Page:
"I don't know if [my songwriting] has moved forward," he continues. "It's moved to the side. There's always going to be something special about [Weezer]. There's always going to be something special about Pinkerton. I'm just happy that it has slowly gotten some respect. It's weird. I almost feel like now that Pinkerton has become kind of successful, it's almost like we have to deal with the pressure allover again. Nowadays, I think I like challenges. I feel like  we're up to it now. After the blue album got so big, something felt wrong to me like we weren't good enough to deserve that much of a spotlight. We needed time to get our act together-me as a songwriter and us as a band. Now I feel like we're a lot better in every facet of our band. I'm looking forward to the challenge of the spotlight."

      Do you feel the band have something to prove?

"I just feel extremely grateful that we have the chance to do this again. I feel very relieved that it's not over."


But have they Ironed out their internal issues?


      There is still some tension lingering, it seems. Asked how he and

Cuomo sorted out their difficulties, Wilson gives an elliptical answer

that makes it clear he might not be doing this if his own band, Special

Goodness, had taken off the way he hoped four years ago. "Everybody just wants to work, you know," he says. "So we're all on the same page in that regard. Because it's cold out there." That's not exactly a vote of confidence for band unity. One of the contentious points during Pinkerton concerned videos. There was a time when Wilson and former bassist Matt Sharp-tired of dull videos after the more vibrant Spike Jonze clips-told Cuomo they would only do another video if they could appear in bear and bunny suits, respectively.

So how about it? Any bunnysuit rentals forthcoming? "I don't anticipate wearing a bunny suit," Wilson says, seated next to Cuomo. "But we're also the kind of band that  listens to what other people are saying. If the director says, 'Hey, do this,' I think we're much more likely to do it than we were before. We've been able to recognize. That's a good thing, because I don't think we used to do that so much. Whatever anybody wants to do is fine by me. That's my attitude on almost everything we do."

Adds Cuomo, " A lot of it comes down to the songs, too. On Pinkerton, they were such personal, autobiographical songs, so I didn't want the videos to just totally contradict what the songs were about. I still feel the same way, but now the songs are different. They're not so personal and autobiographical. They're more universal. And I think we can accept some more outside input, and some more things like bunny suits."

"I think we're also a lot more practical than we used to be," says Wilson. "Look, face it, shit's changed big time in the last five years. I mean, it's a business. What are you going to do? Tell your record company, 'No, I don't want to do that?' We're in good shape and all. We're not going to do anything we don't want to do. At the same time, we realize you've got to make some sacrifices in some way."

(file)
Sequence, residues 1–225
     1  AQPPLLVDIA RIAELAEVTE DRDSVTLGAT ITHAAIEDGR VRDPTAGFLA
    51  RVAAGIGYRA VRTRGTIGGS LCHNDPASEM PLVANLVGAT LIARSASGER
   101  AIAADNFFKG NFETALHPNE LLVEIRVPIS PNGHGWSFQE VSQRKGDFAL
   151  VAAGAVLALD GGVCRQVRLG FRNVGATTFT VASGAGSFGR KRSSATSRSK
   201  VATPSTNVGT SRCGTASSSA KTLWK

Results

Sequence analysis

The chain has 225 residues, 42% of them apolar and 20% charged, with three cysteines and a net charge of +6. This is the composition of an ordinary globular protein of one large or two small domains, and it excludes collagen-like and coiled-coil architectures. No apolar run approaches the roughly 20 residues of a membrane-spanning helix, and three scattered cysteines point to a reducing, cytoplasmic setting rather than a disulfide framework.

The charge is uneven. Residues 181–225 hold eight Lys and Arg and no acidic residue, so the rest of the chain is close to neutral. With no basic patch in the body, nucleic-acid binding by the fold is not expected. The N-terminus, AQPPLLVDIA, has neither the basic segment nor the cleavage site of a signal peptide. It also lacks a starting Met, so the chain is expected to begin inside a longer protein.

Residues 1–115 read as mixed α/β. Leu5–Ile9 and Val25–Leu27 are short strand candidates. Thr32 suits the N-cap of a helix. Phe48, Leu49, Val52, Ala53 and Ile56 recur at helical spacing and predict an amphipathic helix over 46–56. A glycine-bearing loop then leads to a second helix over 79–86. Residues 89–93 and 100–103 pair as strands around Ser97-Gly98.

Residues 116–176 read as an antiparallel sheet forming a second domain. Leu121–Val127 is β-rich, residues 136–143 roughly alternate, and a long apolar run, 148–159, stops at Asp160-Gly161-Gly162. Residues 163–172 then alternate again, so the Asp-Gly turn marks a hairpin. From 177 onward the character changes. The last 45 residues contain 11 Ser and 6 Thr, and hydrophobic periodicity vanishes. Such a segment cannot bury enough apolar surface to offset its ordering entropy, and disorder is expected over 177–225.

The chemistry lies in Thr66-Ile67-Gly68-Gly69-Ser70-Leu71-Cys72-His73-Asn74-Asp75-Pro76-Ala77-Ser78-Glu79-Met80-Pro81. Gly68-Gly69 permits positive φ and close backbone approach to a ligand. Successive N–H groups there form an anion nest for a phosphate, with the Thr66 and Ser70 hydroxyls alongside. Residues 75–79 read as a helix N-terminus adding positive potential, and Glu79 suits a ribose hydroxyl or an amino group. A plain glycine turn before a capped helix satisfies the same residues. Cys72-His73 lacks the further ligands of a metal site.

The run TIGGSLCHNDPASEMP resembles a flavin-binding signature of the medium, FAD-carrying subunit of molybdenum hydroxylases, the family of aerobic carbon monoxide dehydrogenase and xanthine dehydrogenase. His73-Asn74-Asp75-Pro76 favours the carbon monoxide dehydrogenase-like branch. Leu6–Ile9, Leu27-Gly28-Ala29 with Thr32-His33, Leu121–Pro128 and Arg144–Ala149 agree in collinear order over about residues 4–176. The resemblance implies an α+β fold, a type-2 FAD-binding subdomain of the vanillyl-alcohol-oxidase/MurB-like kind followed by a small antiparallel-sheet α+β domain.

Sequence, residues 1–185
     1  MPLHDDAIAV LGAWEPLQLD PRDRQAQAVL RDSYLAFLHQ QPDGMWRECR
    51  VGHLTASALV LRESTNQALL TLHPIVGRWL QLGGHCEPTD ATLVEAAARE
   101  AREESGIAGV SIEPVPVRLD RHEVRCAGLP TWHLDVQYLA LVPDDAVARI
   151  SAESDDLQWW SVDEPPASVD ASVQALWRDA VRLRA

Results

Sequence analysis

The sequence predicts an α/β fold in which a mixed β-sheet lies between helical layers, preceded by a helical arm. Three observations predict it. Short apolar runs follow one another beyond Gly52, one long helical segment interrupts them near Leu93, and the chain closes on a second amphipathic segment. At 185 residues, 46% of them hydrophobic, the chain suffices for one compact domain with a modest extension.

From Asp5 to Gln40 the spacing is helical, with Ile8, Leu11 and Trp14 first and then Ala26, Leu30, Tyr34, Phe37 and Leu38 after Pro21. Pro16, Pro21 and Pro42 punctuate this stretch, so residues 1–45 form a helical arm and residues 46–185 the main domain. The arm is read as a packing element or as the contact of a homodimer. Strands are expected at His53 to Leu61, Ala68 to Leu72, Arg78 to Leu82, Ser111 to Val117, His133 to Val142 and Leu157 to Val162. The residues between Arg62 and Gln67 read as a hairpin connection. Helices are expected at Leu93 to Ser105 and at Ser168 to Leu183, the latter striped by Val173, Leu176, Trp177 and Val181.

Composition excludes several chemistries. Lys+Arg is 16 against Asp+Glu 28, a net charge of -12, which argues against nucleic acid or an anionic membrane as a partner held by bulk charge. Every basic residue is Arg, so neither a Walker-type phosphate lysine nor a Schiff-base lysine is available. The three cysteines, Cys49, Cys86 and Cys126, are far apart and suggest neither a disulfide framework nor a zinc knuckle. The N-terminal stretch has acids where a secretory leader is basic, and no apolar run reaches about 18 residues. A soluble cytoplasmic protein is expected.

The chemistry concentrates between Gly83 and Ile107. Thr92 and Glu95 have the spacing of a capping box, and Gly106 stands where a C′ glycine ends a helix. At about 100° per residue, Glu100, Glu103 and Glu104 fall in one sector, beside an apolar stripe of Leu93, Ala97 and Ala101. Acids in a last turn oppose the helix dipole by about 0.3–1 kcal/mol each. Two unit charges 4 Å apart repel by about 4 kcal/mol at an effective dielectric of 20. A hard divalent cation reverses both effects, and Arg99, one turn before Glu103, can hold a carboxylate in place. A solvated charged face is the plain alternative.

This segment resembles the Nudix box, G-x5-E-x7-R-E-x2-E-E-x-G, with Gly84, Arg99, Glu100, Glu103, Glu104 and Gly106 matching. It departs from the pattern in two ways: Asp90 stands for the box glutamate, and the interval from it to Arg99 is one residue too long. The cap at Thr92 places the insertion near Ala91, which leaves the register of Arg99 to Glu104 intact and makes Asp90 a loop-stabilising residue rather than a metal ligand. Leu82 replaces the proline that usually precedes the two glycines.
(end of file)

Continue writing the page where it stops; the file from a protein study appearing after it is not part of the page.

At that particular moment, Cuomo speaks with more firmness and less hesitation than at any time in the day. "I disagree. I don't sacrifice anything for the record company." "Well, you're lucky to be in that position," says Wilson. "They do exactly what we want[them] to do. We've hired them to sell our record," Cuomo says.  "Well, that's not exactly true," Wilson retorts. "If they didn't want us to make a record, they could prevent it from happening. In one sense, I agree with you. In the other sense, you have to see they could be a huge problem if they wanted to be."    

It's here, however, where there's a real difference between the Weezer of old and the band who are here today. Cuomo's confidence-in himself, in his songs, and in his bandmates-seems to be at such an all-time high that nothing is going to get in his way.

      Beneath the shyness and the reserve, the slight frame and the oversized glasses, now lies the quiet determination of an artist who has found strength and grown a tougher shell. Will that help him transcend the urges for the Brian Wilson-styled self-destruction and defeat the second-guessing and self-loathing in an effort to achieve songwriting genius? Or will it cover the emotional rawness that made Pinkerton stand out, and make Cuomo a more distant, less direct and therefore, less notable songwriter?

      Stay tuned. The good news is the Weezer story is no longer undone. There will be answers to these questions.  "The cool thing is now I know there's going to be a fourth record," says Cuomo. "I just have so much

faith in our quality that I don't fear anything. We're totally in charge. "I'm very optimistic about the future," he says, with a wide grin. "Now that I've got my groove back on."